I am often asked “How does one work with a VA?” If you are at that stage where you need help with your business but don’t know how to delegate work to a VA, let alone how to find one, then this blog post will most certainly help you.
When you do find a VA that suits your requirements, remember they are not an employee. VA’s are freelance contractors who have an entrepreneurial mindset, they run and manage their own business. They are the SME in what they do. You need to know what a VA is not to help you understand what a VA is.
Where to look
Depending upon your requirements, the country you live in and your budget, there are several options available that I would recommend.
- Search the internet for Freelance Virtual Assistants – Look for well constructed websites, photos, testimonials, do they post, what do services are they offering?
- Referral – ask your friends do they use VAs? Could they recommend anyone to you?
- Linkedin – ask your connections on Linkedin who works with VAs, do a search for Virtual Assistant.
- Work with a VA recruiting company – they have lots of overseas VAs on their books. You also pay a one off subscription, and depending on the country, you are expected to pay holiday pay, Christmas bonuses for example. You are not hiring a contractor when you do this, you are gaining an employee.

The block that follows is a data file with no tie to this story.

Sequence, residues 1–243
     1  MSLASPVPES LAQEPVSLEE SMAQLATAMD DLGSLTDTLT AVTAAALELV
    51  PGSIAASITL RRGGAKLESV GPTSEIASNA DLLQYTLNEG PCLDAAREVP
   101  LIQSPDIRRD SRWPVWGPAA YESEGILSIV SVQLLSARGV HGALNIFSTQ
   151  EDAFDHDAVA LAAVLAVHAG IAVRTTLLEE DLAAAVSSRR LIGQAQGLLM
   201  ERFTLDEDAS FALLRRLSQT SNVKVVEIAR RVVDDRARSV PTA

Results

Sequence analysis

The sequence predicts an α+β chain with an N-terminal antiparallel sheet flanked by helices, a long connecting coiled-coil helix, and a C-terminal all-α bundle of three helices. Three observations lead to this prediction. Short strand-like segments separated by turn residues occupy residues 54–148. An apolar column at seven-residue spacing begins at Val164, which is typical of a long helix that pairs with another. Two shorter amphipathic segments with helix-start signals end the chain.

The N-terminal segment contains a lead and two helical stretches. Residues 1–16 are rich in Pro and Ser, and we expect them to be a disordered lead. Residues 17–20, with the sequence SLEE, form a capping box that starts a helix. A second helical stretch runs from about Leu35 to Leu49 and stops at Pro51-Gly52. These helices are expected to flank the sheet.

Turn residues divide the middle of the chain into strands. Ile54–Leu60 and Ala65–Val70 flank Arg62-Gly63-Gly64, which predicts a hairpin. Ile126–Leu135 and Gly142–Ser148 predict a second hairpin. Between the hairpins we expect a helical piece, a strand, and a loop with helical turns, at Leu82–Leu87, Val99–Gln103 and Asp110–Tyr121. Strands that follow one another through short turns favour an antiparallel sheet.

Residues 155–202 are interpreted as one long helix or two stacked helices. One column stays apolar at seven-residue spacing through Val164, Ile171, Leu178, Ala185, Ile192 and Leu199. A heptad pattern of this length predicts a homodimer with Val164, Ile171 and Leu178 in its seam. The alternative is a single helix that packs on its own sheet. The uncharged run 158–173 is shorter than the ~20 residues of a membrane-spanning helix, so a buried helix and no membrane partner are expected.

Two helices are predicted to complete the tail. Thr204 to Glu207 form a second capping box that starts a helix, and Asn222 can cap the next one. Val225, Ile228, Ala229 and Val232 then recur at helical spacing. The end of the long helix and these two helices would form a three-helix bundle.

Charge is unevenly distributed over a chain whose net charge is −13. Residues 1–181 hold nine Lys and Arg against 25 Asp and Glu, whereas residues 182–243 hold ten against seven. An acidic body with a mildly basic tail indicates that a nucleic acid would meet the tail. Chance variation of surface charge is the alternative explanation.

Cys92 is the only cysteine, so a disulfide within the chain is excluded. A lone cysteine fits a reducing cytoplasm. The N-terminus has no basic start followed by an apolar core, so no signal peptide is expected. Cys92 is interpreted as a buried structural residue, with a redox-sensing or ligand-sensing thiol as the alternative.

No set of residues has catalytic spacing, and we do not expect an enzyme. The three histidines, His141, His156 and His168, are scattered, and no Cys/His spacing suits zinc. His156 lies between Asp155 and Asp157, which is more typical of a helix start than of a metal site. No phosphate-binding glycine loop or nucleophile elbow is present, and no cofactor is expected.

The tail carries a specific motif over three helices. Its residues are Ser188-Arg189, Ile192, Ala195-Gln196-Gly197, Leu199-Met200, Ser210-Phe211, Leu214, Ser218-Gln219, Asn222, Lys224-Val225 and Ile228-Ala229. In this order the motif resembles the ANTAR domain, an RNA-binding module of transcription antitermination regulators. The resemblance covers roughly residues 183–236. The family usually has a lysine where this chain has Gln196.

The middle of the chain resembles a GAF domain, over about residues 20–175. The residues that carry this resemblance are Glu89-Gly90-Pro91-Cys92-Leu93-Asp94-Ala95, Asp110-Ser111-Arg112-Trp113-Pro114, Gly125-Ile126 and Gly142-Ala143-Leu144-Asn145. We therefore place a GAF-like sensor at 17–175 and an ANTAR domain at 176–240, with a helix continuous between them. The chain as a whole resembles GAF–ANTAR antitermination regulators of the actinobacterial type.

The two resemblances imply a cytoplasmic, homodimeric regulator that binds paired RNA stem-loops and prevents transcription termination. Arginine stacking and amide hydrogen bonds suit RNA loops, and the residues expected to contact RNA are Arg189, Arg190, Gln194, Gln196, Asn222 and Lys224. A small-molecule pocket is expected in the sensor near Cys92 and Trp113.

- Online forums – there are many online forums like Elance or Odesk where you register, create an ID, post a job and hope that the people who respond are whom they say they are. It can take an awful lot of time to weed out the real VA.
If you choose a VA who is in your city, organise a meeting or coffee catch up, if your VA is overseas arrange a Skype or Google hangout. Face to face meetings are a must whether physically or digitally. You wouldn’t hire a builder to construct your home if you hadn’t met them would you?
How much do they charge?
You have decided you need help, but how much do you want to pay for that help? How much responsibility do you want your VA to have. It’s horses for courses, it’s all country specific. If you are looking at an overseas VA and you live in Australia then you would pay around $500 per month for a VA who is able to dedicate 8 hours a day to your business. But overseas VA’s come with a unique set of issues, see the grass is not always greener below.
If you are seeking a VA through an online recruitment agency, you will pay an an upfront fee for the service. You will then go through the interview process to choose a VA and once you have found a VA you can work with you then pay up to $500 per month. On top of which in most cases you pay holiday pay, bonuses etc as you are actually taking on an overseas employee.
In Australia, Virtual Assistants are not employees, they are SME’s who run their own businesses. Yes, some may team up and collaborate with others to get the clients work completed but they are not employees, nor do they work for free. You can expect to pay between $20 to $100+ pr hour for a VA in Australia. If you want someone who can hit the ground running, is in your time zone, speaks the same language as you do and has reliable means of communication, then this is what you need to pay.